Her demeanour after demolishing Arantxa Sanchez Vicario, 6-0,
6-2, in 57 minutes, was significant. There have been times when Graf has looked absolutely miserable during post-triumph interviews. Not here at the Australian Open. She had impressed the person hardest to please: herself.
The women's game is in a worrying state, lacking a depth of talent, but a one-sided match ought not to be devalued if a player's superiority is accomplished with the panache Graf displayed on Saturday.
Everybody, and Graf probably more than most, regrets that Monica Seles has been out of the game since she was stabbed last April. The one player who could be relied upon to counter Graf's power, and who defeated her in the final here a year ago, is in Florida, pondering when, or if, she will recover the nerve to step back on a court. Even Seles at her best might have struggled to contain Graf on Saturday's form.
'Awesome,' was the assessment of Geoff Pollard, the president of Tennis Australia. Chris Evert chose the same adjective to decribe Graf even before she was defeated by the German in the inaugural women's final at Flinders Park in 1988.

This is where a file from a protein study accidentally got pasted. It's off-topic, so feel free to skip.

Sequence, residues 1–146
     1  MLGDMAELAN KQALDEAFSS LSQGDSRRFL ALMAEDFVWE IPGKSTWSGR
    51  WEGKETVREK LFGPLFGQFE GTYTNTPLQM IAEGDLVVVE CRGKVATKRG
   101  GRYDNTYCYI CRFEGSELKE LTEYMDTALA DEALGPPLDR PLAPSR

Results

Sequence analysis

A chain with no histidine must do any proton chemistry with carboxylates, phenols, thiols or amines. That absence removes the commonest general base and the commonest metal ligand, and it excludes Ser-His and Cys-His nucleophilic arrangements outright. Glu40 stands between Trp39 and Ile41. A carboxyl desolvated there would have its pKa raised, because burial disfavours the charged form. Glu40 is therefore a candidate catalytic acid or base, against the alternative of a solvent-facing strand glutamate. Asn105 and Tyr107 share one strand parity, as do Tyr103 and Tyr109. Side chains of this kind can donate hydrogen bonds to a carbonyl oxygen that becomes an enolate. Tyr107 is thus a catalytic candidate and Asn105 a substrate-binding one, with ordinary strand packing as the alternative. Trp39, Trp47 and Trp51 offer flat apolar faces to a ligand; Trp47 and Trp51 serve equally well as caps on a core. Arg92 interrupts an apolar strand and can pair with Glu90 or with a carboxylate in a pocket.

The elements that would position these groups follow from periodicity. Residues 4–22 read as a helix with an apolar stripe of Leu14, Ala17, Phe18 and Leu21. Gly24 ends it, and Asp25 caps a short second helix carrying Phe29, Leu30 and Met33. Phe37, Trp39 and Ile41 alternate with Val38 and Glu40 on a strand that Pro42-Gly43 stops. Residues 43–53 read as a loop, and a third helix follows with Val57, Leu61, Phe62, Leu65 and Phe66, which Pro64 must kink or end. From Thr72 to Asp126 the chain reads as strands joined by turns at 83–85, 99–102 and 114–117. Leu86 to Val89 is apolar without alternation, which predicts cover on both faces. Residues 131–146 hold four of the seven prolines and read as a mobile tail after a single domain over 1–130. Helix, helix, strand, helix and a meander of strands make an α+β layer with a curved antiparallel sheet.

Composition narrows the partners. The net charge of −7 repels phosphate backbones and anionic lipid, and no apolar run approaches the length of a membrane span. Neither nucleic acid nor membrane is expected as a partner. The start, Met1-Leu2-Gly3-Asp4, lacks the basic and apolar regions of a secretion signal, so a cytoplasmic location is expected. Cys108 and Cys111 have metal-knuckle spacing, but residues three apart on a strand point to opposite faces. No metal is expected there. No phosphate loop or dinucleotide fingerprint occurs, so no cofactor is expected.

That year, Graf built on her success to achieve the 'Golden Grand Slam' of the Australian, French, Wimbledon and United States championships plus the Olympic title in Seoul. On Saturday, by adding the Australian title to the French, Wimbledon and United States championships she won last year, Graf became the first women in history to win the four Grand Slams consecutively twice in her career.
Technically, Graf's second set of majors does not constitute a Grand Slam, which traditionally has to be accomplished in a calendar year. 'To win four Grand Slams in a row at any time is incredible,' Graf agreed, 'but winning them in a year is harder.' She treated the media to another big smile: 'I don't mind if you are going to count this one, too.'
Graf believes she is a stronger, more complete player than in 1988. Rid of last year's injury problems, her confidence has been helped by rigorous training and faith in a new racket, a lighter model of the Wilson used by the men's finalists, Pete Sampras and Todd Martin.
Sanchez Vicario, who created one break point in each set, converting the second, was constantly pummelled by Graf's forehand. It was also evident that Graf's serve was generating greater power. Moeover, the German ended the match with the rare flourish of a topspin backhand winner.
Graf said she would not be averse to five-set matches being introduced to the women's game. Has the woman no mercy?Reuse content